BlackBerry Ltd (NASDAQ:BBRY) latest earnings do suggest that the firm is not in an ugly position as many though it to be, believe analysts. The revenue for the fiscal 2016 second-quarter came in at $491 million, down 47% from last year’ $916 million.
Chen must be given more time
BlackBerry has a decent amount of cash, which will help it “hold out for quite a while,” Gartner analyst Ken Dulaney told eWEEK. “The stock is not going to go much lower. I think that everybody knows that the hardware business is going to go away [eventually]. I suspect that the stock has already accounted for that.”
BlackBerry Ltd (NASDAQ:BBRY) CEO John Chen is working to transform the firm into a software company, said Dulaney, adding that Chen should be given more time to prove the Canadian firm “is going, where Chen is trying to take it.” However, Dulaney noted that the task becomes difficult if the Wall Street is constantly monitoring the moves.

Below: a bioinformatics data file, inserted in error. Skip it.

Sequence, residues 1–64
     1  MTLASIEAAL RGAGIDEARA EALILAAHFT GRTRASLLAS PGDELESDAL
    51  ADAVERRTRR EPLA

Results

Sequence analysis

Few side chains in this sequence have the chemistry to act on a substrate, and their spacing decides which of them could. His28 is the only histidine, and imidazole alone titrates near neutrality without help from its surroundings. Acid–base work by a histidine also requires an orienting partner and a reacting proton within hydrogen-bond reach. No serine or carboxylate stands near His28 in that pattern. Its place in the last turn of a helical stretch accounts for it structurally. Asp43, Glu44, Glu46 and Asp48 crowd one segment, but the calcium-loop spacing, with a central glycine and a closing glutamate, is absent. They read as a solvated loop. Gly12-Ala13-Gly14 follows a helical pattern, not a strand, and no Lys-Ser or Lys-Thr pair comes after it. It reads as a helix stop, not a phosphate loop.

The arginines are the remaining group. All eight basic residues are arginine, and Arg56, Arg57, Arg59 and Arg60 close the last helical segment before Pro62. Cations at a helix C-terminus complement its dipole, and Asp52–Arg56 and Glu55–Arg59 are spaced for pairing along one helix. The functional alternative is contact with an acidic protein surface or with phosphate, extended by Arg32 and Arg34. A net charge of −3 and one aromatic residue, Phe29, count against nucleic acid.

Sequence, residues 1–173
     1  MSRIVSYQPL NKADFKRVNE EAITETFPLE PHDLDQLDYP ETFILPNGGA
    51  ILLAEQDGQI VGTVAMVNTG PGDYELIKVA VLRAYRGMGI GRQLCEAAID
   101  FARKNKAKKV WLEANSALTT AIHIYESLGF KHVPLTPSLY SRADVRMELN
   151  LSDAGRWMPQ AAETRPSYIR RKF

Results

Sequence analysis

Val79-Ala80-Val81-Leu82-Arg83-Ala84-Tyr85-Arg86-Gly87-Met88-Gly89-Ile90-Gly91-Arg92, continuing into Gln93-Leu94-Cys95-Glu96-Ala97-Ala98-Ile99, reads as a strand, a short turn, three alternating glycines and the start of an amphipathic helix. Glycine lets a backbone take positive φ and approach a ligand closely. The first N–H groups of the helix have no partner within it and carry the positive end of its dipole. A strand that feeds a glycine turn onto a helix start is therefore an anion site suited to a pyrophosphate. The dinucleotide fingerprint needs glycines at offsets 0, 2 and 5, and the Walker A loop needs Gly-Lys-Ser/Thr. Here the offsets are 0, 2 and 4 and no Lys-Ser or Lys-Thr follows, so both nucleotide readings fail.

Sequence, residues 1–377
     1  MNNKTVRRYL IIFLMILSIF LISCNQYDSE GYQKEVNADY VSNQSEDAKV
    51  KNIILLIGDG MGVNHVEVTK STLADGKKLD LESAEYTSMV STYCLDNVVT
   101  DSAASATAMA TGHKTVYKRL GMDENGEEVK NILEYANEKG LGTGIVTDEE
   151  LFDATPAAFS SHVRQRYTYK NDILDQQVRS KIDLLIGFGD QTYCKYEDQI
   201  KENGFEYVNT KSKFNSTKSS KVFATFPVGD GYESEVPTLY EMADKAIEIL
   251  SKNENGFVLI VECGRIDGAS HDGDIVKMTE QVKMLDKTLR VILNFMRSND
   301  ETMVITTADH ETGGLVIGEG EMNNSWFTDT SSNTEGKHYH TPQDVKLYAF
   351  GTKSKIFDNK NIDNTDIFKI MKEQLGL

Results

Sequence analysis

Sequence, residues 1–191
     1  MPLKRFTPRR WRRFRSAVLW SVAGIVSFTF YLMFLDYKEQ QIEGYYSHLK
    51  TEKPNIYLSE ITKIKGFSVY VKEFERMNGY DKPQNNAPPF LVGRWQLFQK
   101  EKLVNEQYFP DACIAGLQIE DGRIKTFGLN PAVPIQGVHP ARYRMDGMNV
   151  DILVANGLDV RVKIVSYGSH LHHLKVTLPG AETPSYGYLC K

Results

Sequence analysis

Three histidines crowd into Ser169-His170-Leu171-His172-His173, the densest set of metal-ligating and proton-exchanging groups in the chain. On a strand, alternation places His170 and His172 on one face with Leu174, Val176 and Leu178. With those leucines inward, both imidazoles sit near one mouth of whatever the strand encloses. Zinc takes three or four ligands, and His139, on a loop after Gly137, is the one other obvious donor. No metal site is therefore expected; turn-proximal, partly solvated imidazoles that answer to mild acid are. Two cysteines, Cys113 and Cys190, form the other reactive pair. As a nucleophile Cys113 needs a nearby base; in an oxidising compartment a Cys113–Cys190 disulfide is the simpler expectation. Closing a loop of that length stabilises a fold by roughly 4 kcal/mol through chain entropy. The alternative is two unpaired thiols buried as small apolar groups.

On Chen’s chances, Dulaney says he “is probably going to make it, but he’s got a rocky road with Wall Street for a few more iterations,” adding “I think he knows what he’s doing, but we’ll just have to wait it out.”
Dulaney expects the Canadian firm to post more losses for the next few quarters. “Like Microsoft, once you fall below that 5 percent [market] share, the [software] developers don’t want to bother with you,” the analyst said.
BlackBerry must exit hardware, focus on strengths
Patrick Moorhead of Moor Insights & Strategy noted that the firms second-quarter show progress, but the fact is the Canadian firm is “coming from a very, very low point where any progress is good progress.”
On What’s need to be done, Moorhead said the company must transition away from its hardware roots, adding that the firms new Android phone will help, but it needs to lower its losses, and “exit the hardware business and/or adopt an [original design manufacturer] sourcing model,” where BlackBerry will design the product, but responsibility for producing it will be on the third-party.
BlackBerry Ltd (NASDAQ:BBRY) must focus on its strengths i.e. their software, services, and security, and at the same time “downplay their hardware weakness,” and “commoditize all BlackBerry hardware to drive the rest of their business,” Moorhead told eWEEK.
On Friday, BlackBerry shares closed down 7.68% at $6.49. Year to date, the stock is down over 41% while in the last one-year, they are down almost 37%.